A ques­tion of care

Colum­nist Kirsten Dal­ley tack­les wait time in our health care sys­tem

The Central Voice - - Front Page - Kirsten Dal­ley Kirsten Dal­ley is a bi­ol­ogy stu­dent, pub­lished writer, and ro­bot­ics en­thu­si­ast from cen­tral New­found­land.

Our coun­try is known for many great things in­clud­ing free health­care.

While our health­care isn’t ex­actly free, it is much less daunt­ing to walk into a doc­tor’s of­fice know­ing you’ve al­ready paid for your visit with taxes in­stead of hav­ing to foot the bill at the desk. This makes us seem like the pin­na­cle of health­care to many who do not live in our sys­tem. Per­haps it might be true for the con­sumer, but is our health­care re­ally that out­stand­ing, es­pe­cially here in New­found­land?

Med­i­cal Care Plan (MCP) cov­ers an ar­ray of ser­vices such as vis­its to the doc­tor or hos­pi­tal, surgery, ma­ter­nity care, and ra­di­ol­ogy. It does not in­clude other ser­vices such as eye ex­ams, am­bu­lance ser­vices, and some med­i­cally nec­es­sary pro­ce­dures. Pri­vate in­sur­ance helps to close these gaps, but it is not al­ways af­ford­able or avail­able to those who need it. Still, the ma­jor­ity of health­care is funded in the ap­prox­i­mately $3-bil­lion 2018 bud­get al­lot­ment.

That’s not to say the money that goes into our sys­tem is sup­ply­ing all of the re­sources we need. Try­ing to find a fam­ily physi­cian is al­most an im­pos­si­ble task. There are in­cen­tives given to work in New­found­land af­ter med­i­cal school meant to en­tice physi­cians to stay. We bring doc­tors in from other coun­tries to fill in the gaps.

And yet it seems there are nowhere near enough doc­tors avail­able. If you are lucky enough to have a gen­eral prac­ti­tioner, chances are you could be wait­ing up to a week to get an ap­point­ment. There are now some web­sites of­fer­ing quick and easy ac­cess as well as nurse prac­ti­tioner clin­ics that come at an out-of-pocket cost. I found my cur­rent doc­tor on Face­book and was lucky enough to get in within two weeks, which is prac­ti­cally un­heard of. The last time I was at her of­fice some­one booked mul­ti­ple ap­point­ments ahead so that they could en­sure they would be back in time for their med­i­ca­tion re­fills.

It’s not just wait times for rou­tine vis­its. Spe­cial­ists in psy­chi­a­try, neu­rol­ogy, or rheuma­tol­ogy can take months to years to see. I had a re­fer­ral put through in May 2017 and it was only in Au­gust 2018 that I heard any­thing about it, but not for an ap­point­ment. The of­fice called to ask if I still needed to be on the wait­list; it was so long they were call­ing to see if there were any names they could cut from the list.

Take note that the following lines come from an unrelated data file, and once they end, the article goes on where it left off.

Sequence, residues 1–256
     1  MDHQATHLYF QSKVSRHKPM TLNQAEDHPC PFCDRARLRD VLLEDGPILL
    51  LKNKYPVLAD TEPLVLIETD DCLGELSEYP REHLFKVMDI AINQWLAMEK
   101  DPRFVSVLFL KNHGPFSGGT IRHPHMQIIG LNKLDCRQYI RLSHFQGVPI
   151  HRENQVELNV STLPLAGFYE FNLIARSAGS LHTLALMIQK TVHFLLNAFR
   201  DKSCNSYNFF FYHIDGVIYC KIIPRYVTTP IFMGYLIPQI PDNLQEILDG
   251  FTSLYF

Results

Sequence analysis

These sit­u­a­tions can be frus­trat­ing for some and life-threat­en­ing for oth­ers. To re­ceive a re­fer­ral to a spe­cial­ist in the first place of­ten means your con­di­tion or ill­ness is se­ri­ous enough that your life is greatly af­fected. Imag­ine the shock when you re­al­ize that this heavy bur­den will be­come your new nor­mal for months, or know­ing that your health will con­tinue to de­cline in­def­i­nitely with ev­ery ripped off cal­en­dar page. It’s a hope­less feel­ing.

Bit­ter emo­tions aren’t ex­clu­sive to non-ur­gent ap­point­ments. Emer­gency room wait times are sky high de­spite the con­stant at­tempts at in­tro­duc­ing new al­ter­na­tives for non­life-threat­en­ing cases. Go­ing to the ER is like plan­ning a day trip: what can you pack to keep your­self en­ter­tained while you wait four to 12 hours, feel­ing mis­er­able?

Just re­cently I spent a sig­nif­i­cant pe­riod of time wait­ing to be seen for in­tense pain, only to be told that there was noth­ing they could do and no fur­ther test­ing would be done. Our health­care sys­tem cur­rently does not have the re­sources to pro­vide suf­fi­cient and quick di­ag­nos­tic ser­vices.

Are we get­ting the best bang for our buck in our health­care sys­tem? Pos­si­bly not. There are sig­nif­i­cant gaps in the ser­vices we have and other ar­eas where fund­ing might make an im­prove­ment. New­found­land is a dif­fi­cult place to live with the cur­rent eco­nomic and so­cial con­di­tions. While the govern­ment is on the right track with bur­saries for med­i­cal stu­dents, there is more that could be done to en­cour­age set­tle­ment and stim­u­late eco­nomic growth over­all.

The way re­fer­rals are han­dled may also have room for im­prove­ment. Ex­tended hours and flex­i­ble sched­ul­ing are great ad­di­tions to our sys­tem, al­though our emer­gency room mod­els could also ben­e­fit from an over­haul. While our cur­rent sys­tem con­tin­ues to fail us, I do be­lieve there are emerg­ing prob­lem solvers that will change the way we do things.

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